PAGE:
Humans
Ischemia - etiology - physiopathology - prevention & control
Lower Extremity - blood supply
Perfusion - methods
Regional Blood Flow
Retrospective Studies
Sweden
Treatment Outcome
Vascular Surgical Procedures - adverse effects
Abstract
The use of an intraoperative shunt is an established technique used to reduce the ischemic time after acute arterial obstruction or in the prevention of hypoperfusion due to complex open vascular or endovascular operative procedures. To date, described methods of temporary extremity blood perfusion have required open surgical techniques.
An endovascular shunt (ES) was formed by connecting two introducer sheaths to each other, one positioned proximal and one distal to an arterial obstruction. The ES method was used in patients considered to be at high risk for prolonged lower limb ischemia in conjunction with a vascular procedure and where shunt creation by open surgical technique was not considered to be a practical alternative. The flow capacity of the ES was defined in a desktop model.
The ES method was used clinically in 15 vascular interventions including eight complex endovascular aortic procedures, three open aortic operations, and four procedures for acute limb ischemia. The shunts were functional in all patients and there were no shunt occlusions. Postoperatively, there were no evident clinical reperfusion injuries. Flow analysis revealed that the ES had a flow capacity of 73% flow capacity compared to a Pruitt-Inahara shunt.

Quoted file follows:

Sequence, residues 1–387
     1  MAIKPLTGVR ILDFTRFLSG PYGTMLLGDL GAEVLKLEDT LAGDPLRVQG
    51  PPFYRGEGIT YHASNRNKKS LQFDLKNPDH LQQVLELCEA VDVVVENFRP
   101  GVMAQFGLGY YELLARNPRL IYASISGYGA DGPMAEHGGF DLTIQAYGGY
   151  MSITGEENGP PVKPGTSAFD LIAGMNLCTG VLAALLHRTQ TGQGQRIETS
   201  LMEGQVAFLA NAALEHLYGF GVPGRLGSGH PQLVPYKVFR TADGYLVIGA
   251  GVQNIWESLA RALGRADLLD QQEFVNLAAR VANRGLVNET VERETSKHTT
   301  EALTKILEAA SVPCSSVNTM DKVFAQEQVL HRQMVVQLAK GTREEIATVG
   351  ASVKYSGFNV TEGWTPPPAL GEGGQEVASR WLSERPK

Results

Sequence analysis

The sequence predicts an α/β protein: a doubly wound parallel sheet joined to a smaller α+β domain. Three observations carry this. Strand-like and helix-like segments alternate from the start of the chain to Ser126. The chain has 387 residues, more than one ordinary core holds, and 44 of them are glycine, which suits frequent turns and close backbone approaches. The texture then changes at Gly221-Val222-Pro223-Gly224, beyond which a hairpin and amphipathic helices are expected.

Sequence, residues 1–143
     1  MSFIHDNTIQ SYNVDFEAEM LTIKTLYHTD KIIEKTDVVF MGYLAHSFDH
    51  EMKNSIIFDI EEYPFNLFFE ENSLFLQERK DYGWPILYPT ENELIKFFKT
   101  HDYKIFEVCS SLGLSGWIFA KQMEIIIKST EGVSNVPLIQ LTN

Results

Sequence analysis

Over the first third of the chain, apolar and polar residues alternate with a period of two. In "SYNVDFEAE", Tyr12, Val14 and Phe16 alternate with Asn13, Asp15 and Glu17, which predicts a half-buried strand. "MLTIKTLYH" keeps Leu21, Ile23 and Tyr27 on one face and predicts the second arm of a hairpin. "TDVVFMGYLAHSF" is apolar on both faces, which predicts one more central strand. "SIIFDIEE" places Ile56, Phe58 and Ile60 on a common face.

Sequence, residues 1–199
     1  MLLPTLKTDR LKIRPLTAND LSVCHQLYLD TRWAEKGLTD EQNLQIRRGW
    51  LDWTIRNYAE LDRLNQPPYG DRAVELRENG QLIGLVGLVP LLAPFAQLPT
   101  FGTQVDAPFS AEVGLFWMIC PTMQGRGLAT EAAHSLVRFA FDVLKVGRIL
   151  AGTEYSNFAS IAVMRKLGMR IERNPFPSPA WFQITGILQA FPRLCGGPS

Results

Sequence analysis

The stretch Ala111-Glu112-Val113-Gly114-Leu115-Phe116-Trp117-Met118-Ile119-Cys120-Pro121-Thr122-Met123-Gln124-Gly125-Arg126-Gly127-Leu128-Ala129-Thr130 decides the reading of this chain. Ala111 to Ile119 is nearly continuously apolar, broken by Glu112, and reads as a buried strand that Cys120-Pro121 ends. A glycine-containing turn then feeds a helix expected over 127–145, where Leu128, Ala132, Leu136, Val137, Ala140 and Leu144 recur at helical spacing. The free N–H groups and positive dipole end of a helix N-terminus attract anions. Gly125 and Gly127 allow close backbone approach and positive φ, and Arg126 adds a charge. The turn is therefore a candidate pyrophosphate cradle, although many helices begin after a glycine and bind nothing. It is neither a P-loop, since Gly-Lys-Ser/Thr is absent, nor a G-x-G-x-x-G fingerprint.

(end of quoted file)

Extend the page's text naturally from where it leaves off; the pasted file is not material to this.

A new method of temporary blood shunting in connection to vascular procedures has been demonstrated.
PubMed ID
24909978 View in PubMed
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[Foot ulcers in patients with diabetes. Preventive measures reduce the number of amputations].

https://arctichealth.org/en/permalink/ahliterature219822
Source
Lakartidningen. 1993 Nov 24;90(47):4221-4
Publication Type
Article
Date
Nov-24-1993
Author
M. Falkenberg
J. Apelqvist
U. Rosenqvist
F. Lithner
Author Affiliation
Vårdcentralen, Kisa.
Source
Lakartidningen. 1993 Nov 24;90(47):4221-4
Date
Nov-24-1993
Language
Swedish
Publication Type
Article
Keywords
Amputation - statistics & numerical data
Diabetic Foot - economics - prevention & control - surgery
Europe - epidemiology
Humans
Risk factors
United States - epidemiology
Abstract